Would you like to improve as a marathoner?  Run more marathons!  At least that's what I told my wife.  Truth be told, in order to be a better FILL IN THE BLANK, you need to do it more often and continue to do it for a number of years.

So when we sat down and we discussed what she could do to help her 2015 Ironman season, I suggested an offseason marathon.  After a quick search, we found the Hoover Dam Marathon in Las Vegas which aligned well with her offseason.




I signed up as well because I felt like I would have been recovered enough from running the hundred.  But after Javelina, recovery was slow, real slow.  Slow to the point that I felt like I'd make the decision to race on race day.

Recovery was moving along, my muscles were fine but I had some aches and pains in various places that prompted me to be a little more cautious with my return to a regular routine.

Slowly but surely, things were coming back together but over the five weeks between Javelina and Hoover Dam, my runs were few and short.

When race week rolled around, I had a couple of hour long runs earlier in the week and a couple of off days due to the never-ending rain in California which is crushing my will to live. 

With the race hanging over my head, I wasn't super happy but I figured I'd survive.

On Friday, we went to the airport for a 1:15 departing flight out of Oakland but due to high winds, the flight was cancelled.  Instead of trying to get on a flight as a standby passenger, we decided to call the airline and switch to the 7:30 flight.

To make a long story short, all of the flights were getting pushed back and our 7:30 flight turned into a 10:00 flight.

Nearly losing our minds, we discovered the wine bar and spent mad cash on wine flights which seemed to ease the pain of being stuck in the airport for an entire day.

Arriving in Vegas around midnight, at the hotel room no long after, and then heading to bed at 1am, we set the alarm for 5am in order to catch the bus to the marathon start.

When the alarm went off, we jumped out of bed.  I was tired but I didn't feel as awful as I thought I would.  Neither of us wasted much time, and after drinking cups of coffee, we made our way down to the bus which took us to the start of the race.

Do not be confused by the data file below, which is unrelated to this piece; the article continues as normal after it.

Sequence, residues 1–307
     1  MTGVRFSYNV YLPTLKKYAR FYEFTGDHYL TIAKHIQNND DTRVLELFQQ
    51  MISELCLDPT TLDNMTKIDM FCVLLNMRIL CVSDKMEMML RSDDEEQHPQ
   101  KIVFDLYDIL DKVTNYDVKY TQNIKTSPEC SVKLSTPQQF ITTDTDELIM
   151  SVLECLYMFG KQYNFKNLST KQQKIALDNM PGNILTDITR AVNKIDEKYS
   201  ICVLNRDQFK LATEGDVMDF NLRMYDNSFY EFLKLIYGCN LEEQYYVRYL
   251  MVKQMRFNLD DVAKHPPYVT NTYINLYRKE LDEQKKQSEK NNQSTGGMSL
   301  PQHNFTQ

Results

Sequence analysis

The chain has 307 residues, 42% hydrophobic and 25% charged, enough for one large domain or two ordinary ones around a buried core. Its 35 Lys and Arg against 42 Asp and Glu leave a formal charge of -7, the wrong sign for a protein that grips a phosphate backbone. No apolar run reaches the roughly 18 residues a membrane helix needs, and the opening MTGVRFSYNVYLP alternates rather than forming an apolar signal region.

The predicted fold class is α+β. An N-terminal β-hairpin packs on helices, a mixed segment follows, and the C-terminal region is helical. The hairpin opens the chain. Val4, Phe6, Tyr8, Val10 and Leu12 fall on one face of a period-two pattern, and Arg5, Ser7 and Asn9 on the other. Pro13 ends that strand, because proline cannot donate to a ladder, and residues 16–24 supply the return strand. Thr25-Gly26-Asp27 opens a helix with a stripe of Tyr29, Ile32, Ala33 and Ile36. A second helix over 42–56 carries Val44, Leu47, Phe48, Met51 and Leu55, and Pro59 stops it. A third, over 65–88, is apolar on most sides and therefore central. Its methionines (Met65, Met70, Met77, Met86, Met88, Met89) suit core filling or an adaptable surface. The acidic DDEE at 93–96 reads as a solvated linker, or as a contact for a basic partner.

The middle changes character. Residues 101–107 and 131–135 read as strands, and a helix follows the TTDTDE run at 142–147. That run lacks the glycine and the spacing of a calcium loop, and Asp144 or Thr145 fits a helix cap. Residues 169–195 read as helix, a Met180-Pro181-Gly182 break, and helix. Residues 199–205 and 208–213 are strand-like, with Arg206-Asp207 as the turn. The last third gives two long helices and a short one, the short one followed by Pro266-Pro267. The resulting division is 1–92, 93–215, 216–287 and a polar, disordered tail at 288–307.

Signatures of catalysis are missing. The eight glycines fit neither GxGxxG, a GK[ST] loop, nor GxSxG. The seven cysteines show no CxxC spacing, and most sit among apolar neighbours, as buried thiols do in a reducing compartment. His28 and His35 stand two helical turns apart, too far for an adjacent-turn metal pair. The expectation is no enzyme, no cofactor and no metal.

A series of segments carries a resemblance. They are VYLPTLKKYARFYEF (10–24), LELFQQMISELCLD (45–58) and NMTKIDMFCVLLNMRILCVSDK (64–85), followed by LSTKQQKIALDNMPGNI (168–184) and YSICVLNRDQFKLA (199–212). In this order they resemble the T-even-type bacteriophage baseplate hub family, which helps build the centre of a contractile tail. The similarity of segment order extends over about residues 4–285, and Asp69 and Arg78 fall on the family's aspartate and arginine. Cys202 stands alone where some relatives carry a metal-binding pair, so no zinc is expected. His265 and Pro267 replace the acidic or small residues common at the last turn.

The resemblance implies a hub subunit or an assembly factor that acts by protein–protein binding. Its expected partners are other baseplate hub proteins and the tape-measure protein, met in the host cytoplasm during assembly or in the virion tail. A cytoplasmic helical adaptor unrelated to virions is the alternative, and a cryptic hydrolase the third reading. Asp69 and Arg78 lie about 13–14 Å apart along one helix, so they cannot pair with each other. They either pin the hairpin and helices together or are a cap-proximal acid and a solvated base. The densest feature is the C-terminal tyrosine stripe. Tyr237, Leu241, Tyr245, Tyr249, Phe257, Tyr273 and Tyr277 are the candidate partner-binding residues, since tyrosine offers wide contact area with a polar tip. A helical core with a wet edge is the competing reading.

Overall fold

When we arrived, it was cold.  We brought along some garbage bags for warmth but I ended up putting on the free tech shirt over the trash bag and that seemed to do the trick.

Bang!  Not really but the race started and we were off.

My role for the day was pacer.  I had no interest in racing and I'm quite certain there wasn't much 'race' in my body but I did notice a few of the faster looking dudes eyeballing me.  No worries friends, today is your lucky day.

I just followed @go_sheracer for 26.something miles (the course was long) and I did my best to avoid being murdered.  And more importantly, keeping my wife out of prison for my murder.  Maybe my priorities are out of order but I digress.

As the husband and the coach, there are times when I find it challenging to sit in both roles.  When an athlete starts melting down, I channel my inner Lee Emery and pull out the drill sergeant's hat.  When my wife is struggling, I am sympathetic.

Not ideal as the coach and the husband but in the end, I learned a few things which we shared after the race and I feel like what we learned will make her a better runner and a better athlete.  It was enlightening to say the least.

As we neared the end of race, I glanced down at the clock and I knew we were coming in around the 4:30 mark.  I really, really wanted to drive her in under 4:30 but I could see she was going hard and doing a lot of damage control. 





When we signed up for this race, neither of us realized the course was 60% trail.  In addition, it also had some decent elevation gain.  Nothing to cry about but definitely something she's not accustomed to dealing with during a race.

At our current time, she was at a new high watermark for running a marathon.  She was definitely near the end of her rope and rather than push her and possibly break her, I just crowded her a bit to see if I could herd her into the finish a little faster.

Alas, we did not make it in time and she crossed in 4:30:11 and I was two seconds behind her at 4:30:13.  Technically, she beat me.  ;)  So there's that!



Thanks for reading!